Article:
hypotheses, prototypes or proofs-of-concept.
Unfortunately, this challenging, creative work is often overshadowed by
rather simple, time-consuming data processing work. The reason for this is that the role of the Data Scientist
still not well understood. Like chemistry in the mid-19th century, the field of Data Science is not yet well
a good Data Scientist must not only be proficient on the scientific level, but also be a good “lab technician”,
doing most of the preparatory work himself. This lack of understanding might be one of the key issues in hindering
organizations from realizing the full potential of (big) data. To tackle this issue, business and academia should
define the required knowledge, roles and skill sets across the organization.
Skilled Labor as a Source of Competitive Advantage?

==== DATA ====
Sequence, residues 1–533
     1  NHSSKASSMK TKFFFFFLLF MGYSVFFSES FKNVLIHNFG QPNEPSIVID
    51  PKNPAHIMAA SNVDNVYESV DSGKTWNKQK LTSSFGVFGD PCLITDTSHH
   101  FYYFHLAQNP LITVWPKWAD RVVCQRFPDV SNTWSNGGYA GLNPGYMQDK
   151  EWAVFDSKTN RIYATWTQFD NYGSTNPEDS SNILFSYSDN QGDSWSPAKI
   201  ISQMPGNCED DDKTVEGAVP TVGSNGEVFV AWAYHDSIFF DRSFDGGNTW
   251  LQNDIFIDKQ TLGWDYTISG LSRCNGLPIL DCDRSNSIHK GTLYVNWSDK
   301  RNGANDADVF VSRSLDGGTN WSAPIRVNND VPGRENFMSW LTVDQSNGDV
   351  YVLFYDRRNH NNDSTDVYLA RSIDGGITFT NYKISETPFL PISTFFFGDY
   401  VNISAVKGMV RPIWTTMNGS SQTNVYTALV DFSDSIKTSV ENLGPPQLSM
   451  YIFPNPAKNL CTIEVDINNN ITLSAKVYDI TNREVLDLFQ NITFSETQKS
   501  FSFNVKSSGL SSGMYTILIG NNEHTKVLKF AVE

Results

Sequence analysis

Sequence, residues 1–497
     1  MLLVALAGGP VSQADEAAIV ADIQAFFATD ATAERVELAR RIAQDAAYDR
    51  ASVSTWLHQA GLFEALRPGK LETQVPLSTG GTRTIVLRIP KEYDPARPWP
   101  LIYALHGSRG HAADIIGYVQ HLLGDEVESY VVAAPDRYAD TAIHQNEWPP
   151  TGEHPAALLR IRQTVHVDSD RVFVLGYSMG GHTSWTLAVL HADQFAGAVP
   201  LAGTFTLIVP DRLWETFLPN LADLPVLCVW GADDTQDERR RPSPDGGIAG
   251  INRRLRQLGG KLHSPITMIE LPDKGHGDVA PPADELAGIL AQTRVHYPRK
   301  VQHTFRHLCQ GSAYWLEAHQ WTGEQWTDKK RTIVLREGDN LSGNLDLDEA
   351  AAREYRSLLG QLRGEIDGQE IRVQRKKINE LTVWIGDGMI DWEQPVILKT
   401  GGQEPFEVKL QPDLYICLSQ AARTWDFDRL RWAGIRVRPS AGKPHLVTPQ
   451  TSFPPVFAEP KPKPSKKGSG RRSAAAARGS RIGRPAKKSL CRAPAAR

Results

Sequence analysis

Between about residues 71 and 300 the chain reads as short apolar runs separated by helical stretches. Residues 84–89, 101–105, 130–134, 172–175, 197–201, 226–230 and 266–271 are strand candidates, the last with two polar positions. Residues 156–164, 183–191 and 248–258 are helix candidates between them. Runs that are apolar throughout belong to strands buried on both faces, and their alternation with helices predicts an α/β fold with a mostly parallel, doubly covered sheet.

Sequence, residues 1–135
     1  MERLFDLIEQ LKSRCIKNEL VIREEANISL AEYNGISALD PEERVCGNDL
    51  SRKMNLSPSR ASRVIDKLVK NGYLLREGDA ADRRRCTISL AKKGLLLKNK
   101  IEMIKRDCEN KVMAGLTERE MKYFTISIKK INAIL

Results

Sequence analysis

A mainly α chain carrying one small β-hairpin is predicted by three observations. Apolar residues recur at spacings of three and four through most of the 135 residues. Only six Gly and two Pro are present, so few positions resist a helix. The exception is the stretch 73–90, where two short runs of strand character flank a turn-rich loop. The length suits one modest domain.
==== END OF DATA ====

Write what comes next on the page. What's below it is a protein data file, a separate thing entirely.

To summarize, since analytically, managerially as well as technically skilled-labor is very rare, but a necessary
complement to make use of AI at the same time, it indeed can be a source of Competitive Advantage. This
point stands in contrast to Mata, who argue that technical skills cannot be a source of Sustainable Competitive
since they are not heterogeneously distributed and highly mobile. On the other hand, they point out that managerial
IT skills can be a source of Sustainable Competitive Advantage, due to their long-term development and social
more than 20 years later, it is debatable if this argument still holds for AI-related skills, since they actually
are very rare and heterogeneously distributed. Anyway, the good news is that AI-skills are spreading quickly, thanks
to the increasing amount of online educational resources as well as novel curricula at universities. But for the
time being, managers need to balance out the benefits of gaining more business value from
their data, against the high cost of skilled labor.
In the last part of this 5-part series, the relevance of AI Knowledge is elaborated, especially the role of open
source Machine Learning algorithms. Stay tuned!